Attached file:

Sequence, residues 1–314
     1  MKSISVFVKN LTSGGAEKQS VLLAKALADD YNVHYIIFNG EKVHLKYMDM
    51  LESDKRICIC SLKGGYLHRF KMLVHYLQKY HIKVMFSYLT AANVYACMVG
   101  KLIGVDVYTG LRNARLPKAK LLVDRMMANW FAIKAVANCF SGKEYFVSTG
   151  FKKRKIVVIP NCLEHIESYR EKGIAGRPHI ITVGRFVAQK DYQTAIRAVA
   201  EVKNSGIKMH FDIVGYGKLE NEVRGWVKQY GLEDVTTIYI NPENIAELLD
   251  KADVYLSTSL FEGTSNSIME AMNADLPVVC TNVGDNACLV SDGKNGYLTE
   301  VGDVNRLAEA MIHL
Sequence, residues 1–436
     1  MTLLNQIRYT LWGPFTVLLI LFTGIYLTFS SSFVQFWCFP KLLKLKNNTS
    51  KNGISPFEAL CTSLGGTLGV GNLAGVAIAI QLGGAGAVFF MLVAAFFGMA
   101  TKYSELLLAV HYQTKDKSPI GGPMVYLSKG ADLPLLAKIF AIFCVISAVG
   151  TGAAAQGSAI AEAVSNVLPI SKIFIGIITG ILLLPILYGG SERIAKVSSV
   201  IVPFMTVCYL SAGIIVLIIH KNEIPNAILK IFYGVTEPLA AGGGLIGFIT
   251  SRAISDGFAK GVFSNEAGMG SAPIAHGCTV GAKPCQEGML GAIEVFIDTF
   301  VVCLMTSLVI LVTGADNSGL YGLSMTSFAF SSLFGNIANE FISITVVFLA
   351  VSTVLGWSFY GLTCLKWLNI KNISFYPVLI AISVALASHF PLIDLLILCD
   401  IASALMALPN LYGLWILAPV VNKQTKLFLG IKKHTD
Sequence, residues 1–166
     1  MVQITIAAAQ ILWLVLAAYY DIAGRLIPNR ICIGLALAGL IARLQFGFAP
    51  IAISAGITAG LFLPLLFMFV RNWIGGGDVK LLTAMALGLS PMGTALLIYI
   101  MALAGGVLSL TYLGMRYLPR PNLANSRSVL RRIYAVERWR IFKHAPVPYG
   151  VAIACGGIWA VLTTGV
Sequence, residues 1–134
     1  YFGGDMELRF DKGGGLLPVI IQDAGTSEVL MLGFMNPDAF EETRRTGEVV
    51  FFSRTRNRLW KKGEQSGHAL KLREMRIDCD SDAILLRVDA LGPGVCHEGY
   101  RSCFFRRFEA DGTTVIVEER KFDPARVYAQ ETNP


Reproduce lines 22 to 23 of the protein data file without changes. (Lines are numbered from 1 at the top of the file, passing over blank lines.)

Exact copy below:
   101  MALAGGVLSL TYLGMRYLPR PNLANSRSVL RRIYAVERWR IFKHAPVPYG
   151  VAIACGGIWA VLTTGV